Fighting Seasonal Depression
Seasonal depression, or the winter blues as it is also known, is a very common form of depression. Just like regular depression, there are bouts of very low moods whereby a person feels quite gloomy. There are a variety of reasons why the winter season triggers depression for some people. For one reason, it is a time that is spent filled with festivities and holiday celebrations. While some may wonder how that could make a person sad, it’s very reasonable how some people get caught up in these depressive states. Not everyone is fortunate enough to have a family to celebrate with. The emphasis on spending time with loved ones can make a person feel even more alone in such cases. This loneliness can definitely turn into a depressive state, making a person feel as if no one cares for them or that they are not good enough to share quality time with.
In other cases, even if a person does have family, this time of year may simply be a reminder that they aren’t on particularly good terms and cannot be around one another. Aside from familial reasons, finances can also contribute to seasonal depression. Consumerism is massive during this time of year and it is almost impossible to not see ads promoting Christmas sales and new products to buy. A person might be feeling depressed because of their inability to provide the “decadent” Christmas they would hope for their family.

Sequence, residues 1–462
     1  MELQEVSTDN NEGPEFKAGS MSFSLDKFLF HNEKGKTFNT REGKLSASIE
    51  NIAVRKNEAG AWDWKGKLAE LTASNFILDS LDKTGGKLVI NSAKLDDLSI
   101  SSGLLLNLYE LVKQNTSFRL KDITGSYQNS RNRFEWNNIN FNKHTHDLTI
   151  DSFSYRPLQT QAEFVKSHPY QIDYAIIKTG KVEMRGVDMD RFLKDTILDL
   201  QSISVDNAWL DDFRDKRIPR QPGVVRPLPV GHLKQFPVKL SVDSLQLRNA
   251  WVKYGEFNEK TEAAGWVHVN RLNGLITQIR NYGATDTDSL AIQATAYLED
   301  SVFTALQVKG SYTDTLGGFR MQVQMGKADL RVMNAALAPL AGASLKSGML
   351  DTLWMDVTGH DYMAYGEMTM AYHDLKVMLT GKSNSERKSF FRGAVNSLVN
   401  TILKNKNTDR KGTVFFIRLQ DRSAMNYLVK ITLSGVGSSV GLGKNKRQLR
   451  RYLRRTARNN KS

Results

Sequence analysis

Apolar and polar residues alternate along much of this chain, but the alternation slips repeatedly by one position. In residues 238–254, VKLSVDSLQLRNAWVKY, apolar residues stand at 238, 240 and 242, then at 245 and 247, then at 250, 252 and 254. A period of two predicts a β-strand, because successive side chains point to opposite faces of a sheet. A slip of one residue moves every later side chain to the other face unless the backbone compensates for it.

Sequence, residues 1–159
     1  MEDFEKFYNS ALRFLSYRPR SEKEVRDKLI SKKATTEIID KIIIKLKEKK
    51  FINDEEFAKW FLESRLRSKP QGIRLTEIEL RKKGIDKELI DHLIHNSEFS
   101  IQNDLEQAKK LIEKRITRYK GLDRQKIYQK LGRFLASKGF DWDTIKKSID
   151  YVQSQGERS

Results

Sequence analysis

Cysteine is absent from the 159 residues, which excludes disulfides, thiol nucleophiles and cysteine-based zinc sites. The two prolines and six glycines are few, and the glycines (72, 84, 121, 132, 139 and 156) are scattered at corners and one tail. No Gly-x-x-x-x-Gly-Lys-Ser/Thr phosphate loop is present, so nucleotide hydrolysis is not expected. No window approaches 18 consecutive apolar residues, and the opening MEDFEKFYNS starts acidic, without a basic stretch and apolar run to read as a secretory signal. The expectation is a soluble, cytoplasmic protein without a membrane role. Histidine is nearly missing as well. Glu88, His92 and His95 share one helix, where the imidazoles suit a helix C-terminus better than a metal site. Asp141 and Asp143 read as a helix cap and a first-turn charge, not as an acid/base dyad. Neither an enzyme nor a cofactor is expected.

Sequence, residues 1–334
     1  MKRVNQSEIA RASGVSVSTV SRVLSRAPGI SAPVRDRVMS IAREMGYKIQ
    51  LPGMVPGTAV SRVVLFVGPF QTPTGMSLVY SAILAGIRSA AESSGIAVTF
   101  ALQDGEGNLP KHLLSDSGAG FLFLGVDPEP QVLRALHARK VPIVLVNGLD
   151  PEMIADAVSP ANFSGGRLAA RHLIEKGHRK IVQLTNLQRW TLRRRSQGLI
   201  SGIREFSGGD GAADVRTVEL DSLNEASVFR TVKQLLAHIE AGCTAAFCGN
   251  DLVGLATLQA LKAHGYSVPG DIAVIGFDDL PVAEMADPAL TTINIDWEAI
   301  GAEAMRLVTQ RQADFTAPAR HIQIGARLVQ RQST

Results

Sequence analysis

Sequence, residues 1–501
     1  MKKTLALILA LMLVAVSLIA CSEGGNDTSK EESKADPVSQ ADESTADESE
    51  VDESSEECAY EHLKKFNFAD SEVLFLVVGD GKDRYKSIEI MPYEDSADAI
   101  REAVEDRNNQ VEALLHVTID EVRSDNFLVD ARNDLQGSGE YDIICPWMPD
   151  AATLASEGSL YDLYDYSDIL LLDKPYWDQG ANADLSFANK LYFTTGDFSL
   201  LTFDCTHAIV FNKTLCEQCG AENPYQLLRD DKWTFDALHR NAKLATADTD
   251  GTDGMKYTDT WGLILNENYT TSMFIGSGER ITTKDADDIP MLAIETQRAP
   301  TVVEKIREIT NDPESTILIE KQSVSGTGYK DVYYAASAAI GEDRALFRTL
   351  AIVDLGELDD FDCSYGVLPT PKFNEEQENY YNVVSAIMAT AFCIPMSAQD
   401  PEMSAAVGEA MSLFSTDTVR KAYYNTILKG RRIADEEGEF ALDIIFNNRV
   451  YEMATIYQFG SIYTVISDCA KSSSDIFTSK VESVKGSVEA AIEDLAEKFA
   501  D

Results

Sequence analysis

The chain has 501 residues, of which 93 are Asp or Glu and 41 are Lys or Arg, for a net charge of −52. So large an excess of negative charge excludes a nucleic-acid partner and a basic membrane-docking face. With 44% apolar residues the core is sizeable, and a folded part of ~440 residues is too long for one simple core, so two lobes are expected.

Regardless of the reason, there are ways to kick depression this winter season.
Helping someone who needs it can leave an immense impact on the person providing help. A person no longer focusing on what they do not have is instead able to reframe their view and see how fortunate they truly are. In addition, helping others who appreciate one’s efforts can be emotionally rewarding and therapeutic all on its own.
A lack of daylight can impact the brain by making a person feel more lethargic, low, sad, or hopeless. Seeking natural sunlight should be done whenever one has the opportunity. Alternatively, a lightbox can be purchased. These natural remedies will aid in one’s emotional regulation.
It is completely okay to not particularly care for the festivities of winter. This doesn’t make one a Grinch or hermit. However, it is important that people don’t isolate themselves to avoid encountering anything winter or holiday-related. No one is obligated to participate in the same ceremonies and celebrations as each other, so there is no need to be a part of something that doesn’t resonate. Social interaction is still vital although it may be tempting to go hibernate for a while. In fact, isolation may worsen seasonal depression, making one’s negative thoughts even louder.
Originally published at http://jonnadlerphiladelphia.home.blog on January 21, 2020.